Players: Minimum 2
The easiest way to play. Competitors take turns throwing for 10 to 15 rounds. The winner, as you can probably guess, is the player with the highest number of points after all rounds.
Refer to the score chart for the number of points earned for each ring.
The "KillShot" (blue dot) is worth 8 points. You can go for the Killshot TWICE in any round, but you MUST CALL THE SHOT before you take it! If you miss (aka the axe sticks elsewhere on the board or the axe drops), you receive a ZERO!
If you end your round with a tie, the WATL rules state that the tie is broken with a KillShot throw. The 2 players who tied must each throw for the Killshot once. Whoever gets closest to the Killshot is the Winner! Ask an Axepert for a tape measure if you need one!
Each team must hit all predetermined numbers on the board 3 times, putting up 1 mark each time a number is hit. Once a team has hit a number 3 times, that number is “closed out,” and is then available for scoring (if playing for points). Once both teams close out a number, the number is “dead” and will do nothing for either team that hits it for the rest of the game.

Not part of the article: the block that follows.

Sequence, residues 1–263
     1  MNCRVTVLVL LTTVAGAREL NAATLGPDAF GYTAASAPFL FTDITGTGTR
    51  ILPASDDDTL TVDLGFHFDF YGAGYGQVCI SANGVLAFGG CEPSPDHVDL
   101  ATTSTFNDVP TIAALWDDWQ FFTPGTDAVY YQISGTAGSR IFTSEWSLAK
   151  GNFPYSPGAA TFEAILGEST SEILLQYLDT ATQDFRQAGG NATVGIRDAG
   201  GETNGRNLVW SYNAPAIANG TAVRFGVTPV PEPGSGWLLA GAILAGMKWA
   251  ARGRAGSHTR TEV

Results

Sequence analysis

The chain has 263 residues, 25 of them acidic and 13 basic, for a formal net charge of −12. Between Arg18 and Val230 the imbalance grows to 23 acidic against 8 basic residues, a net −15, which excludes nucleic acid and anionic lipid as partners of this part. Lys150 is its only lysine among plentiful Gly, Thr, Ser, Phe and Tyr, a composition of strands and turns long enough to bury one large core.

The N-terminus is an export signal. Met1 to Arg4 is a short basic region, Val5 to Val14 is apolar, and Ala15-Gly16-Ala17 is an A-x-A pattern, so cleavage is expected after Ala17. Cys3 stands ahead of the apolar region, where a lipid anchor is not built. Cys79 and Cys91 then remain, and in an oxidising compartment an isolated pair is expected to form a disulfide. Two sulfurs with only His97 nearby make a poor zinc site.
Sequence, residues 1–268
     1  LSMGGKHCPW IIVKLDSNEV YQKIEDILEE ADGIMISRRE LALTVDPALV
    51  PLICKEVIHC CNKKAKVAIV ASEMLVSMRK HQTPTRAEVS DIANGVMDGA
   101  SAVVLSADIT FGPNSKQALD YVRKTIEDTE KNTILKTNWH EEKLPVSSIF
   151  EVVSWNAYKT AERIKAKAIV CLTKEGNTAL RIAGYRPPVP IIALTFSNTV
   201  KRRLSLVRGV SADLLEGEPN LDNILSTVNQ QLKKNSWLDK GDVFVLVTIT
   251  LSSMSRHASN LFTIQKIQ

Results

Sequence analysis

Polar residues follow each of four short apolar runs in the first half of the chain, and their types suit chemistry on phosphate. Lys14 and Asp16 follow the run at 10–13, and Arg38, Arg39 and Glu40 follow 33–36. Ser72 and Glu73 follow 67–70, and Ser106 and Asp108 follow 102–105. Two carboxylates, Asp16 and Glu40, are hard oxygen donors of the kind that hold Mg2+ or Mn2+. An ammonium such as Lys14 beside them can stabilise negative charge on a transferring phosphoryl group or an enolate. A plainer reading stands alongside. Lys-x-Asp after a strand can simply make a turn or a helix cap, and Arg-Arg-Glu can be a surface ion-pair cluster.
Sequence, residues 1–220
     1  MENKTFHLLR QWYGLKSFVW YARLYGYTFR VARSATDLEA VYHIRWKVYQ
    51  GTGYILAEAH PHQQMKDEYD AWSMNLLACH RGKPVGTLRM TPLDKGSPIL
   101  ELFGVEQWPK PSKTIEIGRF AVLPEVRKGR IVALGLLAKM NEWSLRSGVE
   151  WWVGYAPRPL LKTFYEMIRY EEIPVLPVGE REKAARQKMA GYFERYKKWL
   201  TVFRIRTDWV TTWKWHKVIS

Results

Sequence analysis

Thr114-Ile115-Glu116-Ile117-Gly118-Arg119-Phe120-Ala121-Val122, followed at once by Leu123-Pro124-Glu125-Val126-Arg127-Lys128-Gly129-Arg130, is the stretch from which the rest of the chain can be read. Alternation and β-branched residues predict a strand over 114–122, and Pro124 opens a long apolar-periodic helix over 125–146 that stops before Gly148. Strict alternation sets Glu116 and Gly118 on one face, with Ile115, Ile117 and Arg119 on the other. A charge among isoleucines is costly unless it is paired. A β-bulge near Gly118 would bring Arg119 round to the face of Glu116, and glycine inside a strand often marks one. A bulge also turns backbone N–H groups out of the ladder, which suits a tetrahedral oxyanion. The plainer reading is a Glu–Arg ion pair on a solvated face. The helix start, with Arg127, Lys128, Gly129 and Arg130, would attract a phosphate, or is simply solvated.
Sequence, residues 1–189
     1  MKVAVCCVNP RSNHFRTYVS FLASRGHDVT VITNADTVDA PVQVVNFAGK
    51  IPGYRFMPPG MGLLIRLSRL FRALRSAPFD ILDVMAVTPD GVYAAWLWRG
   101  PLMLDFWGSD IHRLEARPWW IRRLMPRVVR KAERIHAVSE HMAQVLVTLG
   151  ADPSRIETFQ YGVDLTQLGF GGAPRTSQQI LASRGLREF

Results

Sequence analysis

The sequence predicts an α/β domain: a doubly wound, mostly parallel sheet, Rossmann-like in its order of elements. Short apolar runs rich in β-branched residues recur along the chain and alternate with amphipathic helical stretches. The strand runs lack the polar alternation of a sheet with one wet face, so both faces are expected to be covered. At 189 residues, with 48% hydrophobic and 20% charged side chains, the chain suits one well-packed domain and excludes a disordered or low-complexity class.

Traditionally this game is played to exactly 21, but can be played just as easily to “X”. What sets this game apart is the unique scoring method. After one player from each team throws, the lower score is subtracted from the higher score, and the difference is awarded to the team with the higher scoring throw.
For example: Steve gets a 6, Sally gets a 1; Steve is awarded 5 points (6 minus 1).
Players 2 - 16
Each team must hit every number on the board from low to high, in order, and then again in reverse, in reverse order. In other words, each team must hit a 1, 2, 3, 4, 6, 4, 3, 2, 1. First team to complete the loop wins.
Players 2 -4
Players from competing teams throw head to head. The lower cumulative score total receives a letter. The first team to have HORSE spelled out loses. Ties result in 1 additional overtime throw. If the score is still tied after overtime, no letters are awarded and the next 2 throwers step up.
Closer to Horse
Closest to Horse
Players 4 -8
Each “inning” is comprised of one team “batting” and the other “fielding,” and then vice versa. Players cycle through their rotation so that the same “pitcher” and “batter” throw against each other until the batter is out or gets on base.
The pitcher always throws first, always aiming for a bullseye. The batter throws second, attempting to beat the score of the pitcher. This results in three possible scenarios: